Due to the COVID-19 threat in the Philippines, schools were shut down but experts believe that learning should still continue using different means such as distance learning. With the technology and different media available, teachers are finding innovative ways to extend their classrooms beyond the traditional.
Indeed, distance learning provides a wide range of opportunities to students to learn and gain higher education but distance learning still has its cons, especially in a country like the Philippines.
One of the benefits of distance learning is that students have the option when to study, where to study and what to study. With that kind of flexibility, it is the best option for education today.
The school year 2020-2021 is about to open on August 24th but this doesn’t necessarily mean that students have to go to their respective schools and attend face-to-face classes. Aside from online learning system, the Department of Education is eager to use mass media to make sure that no child is left behind. According to DepEd, students who do not have gadgets and internet access can still learn through radio and television. There are also printed self-learning modules to be given out to students who don’t own TVs and radios.
Pros of Distance Learning in the Philippine Setting
No need to commute. This means that you can save time and money. Also, no more stressing too much about traffic.
Convenience and flexibility. Students can learn at their own pace and do their home works and activities anytime. They can have the chance to make their own schedule and work around it.
Learning at your own pace. This is perfect whether the child is a slow learner or a quick learner. Slow learners can take their time studying until they get the lesson while quick learners can have more chance to study other courses whenever they want.
More quality time with the family. Learning can also be the new ‘bonding time’ for parents and children. Parents can make each lesson a fun experience to their children. This way, parent-children relationship is developed better.
Safety. Distance learning doesn’t require students to attend traditional school so they don’t need to interact with their classmates and other people, which might pose threat to their health. Though they are just in the comforts of their own homes, they can still learn their usual lessons where they are the safest during these times.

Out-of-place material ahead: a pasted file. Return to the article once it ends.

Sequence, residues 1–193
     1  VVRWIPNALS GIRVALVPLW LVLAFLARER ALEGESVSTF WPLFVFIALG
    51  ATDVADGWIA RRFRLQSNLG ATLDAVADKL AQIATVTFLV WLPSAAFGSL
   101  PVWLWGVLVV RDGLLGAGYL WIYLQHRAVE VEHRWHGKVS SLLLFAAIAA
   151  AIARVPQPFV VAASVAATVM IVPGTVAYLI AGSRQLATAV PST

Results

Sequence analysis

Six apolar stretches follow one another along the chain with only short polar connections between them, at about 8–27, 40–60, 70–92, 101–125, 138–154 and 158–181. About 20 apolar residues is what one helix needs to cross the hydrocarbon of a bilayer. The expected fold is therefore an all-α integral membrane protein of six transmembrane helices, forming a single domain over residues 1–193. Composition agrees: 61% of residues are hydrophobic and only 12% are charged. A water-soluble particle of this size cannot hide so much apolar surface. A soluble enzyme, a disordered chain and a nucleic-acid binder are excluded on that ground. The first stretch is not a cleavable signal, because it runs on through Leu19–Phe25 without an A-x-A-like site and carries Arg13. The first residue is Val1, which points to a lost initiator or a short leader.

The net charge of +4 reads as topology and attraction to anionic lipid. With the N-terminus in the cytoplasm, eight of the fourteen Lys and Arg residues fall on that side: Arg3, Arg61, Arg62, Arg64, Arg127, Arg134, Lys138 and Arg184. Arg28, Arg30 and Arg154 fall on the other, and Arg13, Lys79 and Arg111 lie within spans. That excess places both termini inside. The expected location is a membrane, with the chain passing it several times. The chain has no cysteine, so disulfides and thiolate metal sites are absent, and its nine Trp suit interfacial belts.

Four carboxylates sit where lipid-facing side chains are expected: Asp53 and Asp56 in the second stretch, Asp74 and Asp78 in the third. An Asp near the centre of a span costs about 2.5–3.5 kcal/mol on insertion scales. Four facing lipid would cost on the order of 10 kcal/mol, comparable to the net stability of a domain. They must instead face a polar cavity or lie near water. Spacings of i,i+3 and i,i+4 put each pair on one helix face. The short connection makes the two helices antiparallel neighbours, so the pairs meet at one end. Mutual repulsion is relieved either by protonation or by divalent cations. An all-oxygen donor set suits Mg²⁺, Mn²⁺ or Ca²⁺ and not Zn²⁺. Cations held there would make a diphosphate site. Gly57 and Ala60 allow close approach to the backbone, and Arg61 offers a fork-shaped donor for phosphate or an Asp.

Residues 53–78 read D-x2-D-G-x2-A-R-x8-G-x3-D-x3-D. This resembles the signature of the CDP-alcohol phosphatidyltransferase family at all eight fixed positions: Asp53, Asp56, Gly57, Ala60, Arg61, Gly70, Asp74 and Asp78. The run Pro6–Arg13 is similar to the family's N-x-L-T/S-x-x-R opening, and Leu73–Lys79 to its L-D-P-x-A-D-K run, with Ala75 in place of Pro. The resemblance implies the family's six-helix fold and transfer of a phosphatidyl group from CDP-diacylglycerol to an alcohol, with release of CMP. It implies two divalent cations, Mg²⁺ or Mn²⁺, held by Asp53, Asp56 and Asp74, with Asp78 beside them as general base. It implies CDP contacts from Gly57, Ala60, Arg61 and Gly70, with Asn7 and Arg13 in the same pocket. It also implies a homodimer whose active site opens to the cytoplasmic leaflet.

Cons of Distance Learning in the Philippine Setting
Less Motivational. Since students are not required to go to school in person, they are isolated and won’t get the kind of interaction they are used to in the normal setting. Additionally, students won’t be able to get the motivation that they need from their teachers. In the traditional method of learning, students are given the chance to excel in the kind of environment that provides them a challenge to work in a peer group but that opportunity doesn’t exist in distance learning.
No immediate feedback. In the traditional setting, the performance of students can be assessed immediately through follow-up questions and testing while in distance learning, students need to wait for the teacher’s feedback, which could take a while.
Technical/internet difficulties. This is probably on top of the list when it comes to cons of distance learning using the internet. Online learning requires a good internet connection, a computer, laptop, tablet or cellphone and unfortunately, not all students have access to those. Aside from that, certain online classes may also require good technical skills and typing skills.
DepEd has already introduced DepEd Commons where students can have fun tests while learning but still, only those who have gadgets and internet connection can access DepEd Commons.
COVID-19 surely changed the way we live and whether we like it or not, we have to come up with innovative ways to keep students learning even inside their homes – and this is where distance learning comes to the picture. It is going to be a part of the ‘new norm’.
So what are your thoughts? Is the Philippines ready for distance learning?
May 27, 2020. According to Presidential Spokesperson Harry Roque in an interview, enrollment will continue on June 1. DepEd has already scheduled the entire month of June as the enrollment period for public schools around the country. Class opening (physical and virtual) is expected on August 24.
“We need to continue our preparation for the opening of the new school year but just like what I’ve said before, everything will still depend on the COVID-19 situation in the Philipines. If the cases are still high, we just have to postpone the school opening. But as of now, we are preparing on the possibility of both face-to-face and blended learning,” Spokesperson Roque said.
During President Rodrigo Duterte’s public address, he stressed that he doesn’t want the classes to resume unless there’s a vaccine for COVID-19. However, Spokesperson Harry Roque clarified that this means that face-to-face classes are still prohibited if the area is still under community quarantine. However, Roque said that education will still continue with the use of different platforms such as television, radio, internet and modules.
The government is also eyeing at creating ‘make-shift classrooms’ especially in locations where there are no o limited internet access.